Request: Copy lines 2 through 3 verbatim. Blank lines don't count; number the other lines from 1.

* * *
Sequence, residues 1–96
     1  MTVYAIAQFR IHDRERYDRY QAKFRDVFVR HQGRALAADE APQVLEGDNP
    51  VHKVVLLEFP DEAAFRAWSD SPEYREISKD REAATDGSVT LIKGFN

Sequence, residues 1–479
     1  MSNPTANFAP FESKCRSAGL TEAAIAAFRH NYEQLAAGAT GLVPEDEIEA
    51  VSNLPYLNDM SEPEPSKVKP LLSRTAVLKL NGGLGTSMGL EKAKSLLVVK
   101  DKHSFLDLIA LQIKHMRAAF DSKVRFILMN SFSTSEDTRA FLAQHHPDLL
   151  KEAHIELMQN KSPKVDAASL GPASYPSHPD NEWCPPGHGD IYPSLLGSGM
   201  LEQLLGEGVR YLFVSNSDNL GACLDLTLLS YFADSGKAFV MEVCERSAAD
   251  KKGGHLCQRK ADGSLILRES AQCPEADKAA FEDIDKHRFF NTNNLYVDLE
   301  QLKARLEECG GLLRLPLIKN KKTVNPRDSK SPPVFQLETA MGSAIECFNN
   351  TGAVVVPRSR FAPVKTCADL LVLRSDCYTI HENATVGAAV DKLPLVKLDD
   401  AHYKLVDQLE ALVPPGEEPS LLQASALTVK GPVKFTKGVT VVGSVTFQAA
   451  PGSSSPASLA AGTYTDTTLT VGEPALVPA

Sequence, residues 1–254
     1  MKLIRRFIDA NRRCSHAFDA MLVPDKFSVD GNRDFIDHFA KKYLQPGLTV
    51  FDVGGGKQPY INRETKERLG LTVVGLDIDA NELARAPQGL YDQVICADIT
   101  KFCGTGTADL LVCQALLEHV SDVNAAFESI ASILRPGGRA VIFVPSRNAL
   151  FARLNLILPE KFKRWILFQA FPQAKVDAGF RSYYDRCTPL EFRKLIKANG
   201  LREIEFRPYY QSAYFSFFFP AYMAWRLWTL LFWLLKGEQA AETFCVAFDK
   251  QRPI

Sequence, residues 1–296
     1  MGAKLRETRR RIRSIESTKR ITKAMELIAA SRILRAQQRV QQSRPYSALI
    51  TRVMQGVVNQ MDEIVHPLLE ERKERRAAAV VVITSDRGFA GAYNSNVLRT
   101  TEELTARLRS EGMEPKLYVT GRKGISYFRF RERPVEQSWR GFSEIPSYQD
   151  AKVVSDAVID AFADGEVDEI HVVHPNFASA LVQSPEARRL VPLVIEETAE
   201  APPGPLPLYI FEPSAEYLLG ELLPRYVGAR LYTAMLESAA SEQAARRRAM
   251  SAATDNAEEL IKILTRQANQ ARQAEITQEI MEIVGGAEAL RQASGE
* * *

     1  MTVYAIAQFR IHDRERYDRY QAKFRDVFVR HQGRALAADE APQVLEGDNP
    51  VHKVVLLEFP DEAAFRAWSD SPEYREISKD REAATDGSVT LIKGFN